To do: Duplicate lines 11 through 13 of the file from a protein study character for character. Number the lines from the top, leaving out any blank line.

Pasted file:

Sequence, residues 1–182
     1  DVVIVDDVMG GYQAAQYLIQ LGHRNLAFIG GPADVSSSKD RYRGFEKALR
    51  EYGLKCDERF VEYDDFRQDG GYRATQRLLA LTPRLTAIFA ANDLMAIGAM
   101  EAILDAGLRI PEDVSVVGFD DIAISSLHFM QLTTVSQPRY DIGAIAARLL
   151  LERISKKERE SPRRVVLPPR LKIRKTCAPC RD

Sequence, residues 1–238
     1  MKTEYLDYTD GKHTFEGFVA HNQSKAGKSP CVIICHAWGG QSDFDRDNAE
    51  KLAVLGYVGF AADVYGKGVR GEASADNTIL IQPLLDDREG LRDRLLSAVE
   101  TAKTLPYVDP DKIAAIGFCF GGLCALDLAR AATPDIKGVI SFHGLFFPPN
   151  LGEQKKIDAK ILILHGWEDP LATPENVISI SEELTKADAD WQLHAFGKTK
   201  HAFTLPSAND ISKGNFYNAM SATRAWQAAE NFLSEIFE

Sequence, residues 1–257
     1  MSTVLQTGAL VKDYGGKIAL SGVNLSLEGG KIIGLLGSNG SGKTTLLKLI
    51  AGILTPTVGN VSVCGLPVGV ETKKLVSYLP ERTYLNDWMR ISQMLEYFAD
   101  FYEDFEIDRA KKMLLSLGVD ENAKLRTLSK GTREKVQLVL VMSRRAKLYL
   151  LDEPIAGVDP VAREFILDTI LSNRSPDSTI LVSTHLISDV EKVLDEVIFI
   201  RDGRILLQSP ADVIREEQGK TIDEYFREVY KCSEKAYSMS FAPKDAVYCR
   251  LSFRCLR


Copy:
   201  HAFTLPSAND ISKGNFYNAM SATRAWQAAE NFLSEIFE

Sequence, residues 1–257
     1  MSTVLQTGAL VKDYGGKIAL SGVNLSLEGG KIIGLLGSNG SGKTTLLKLI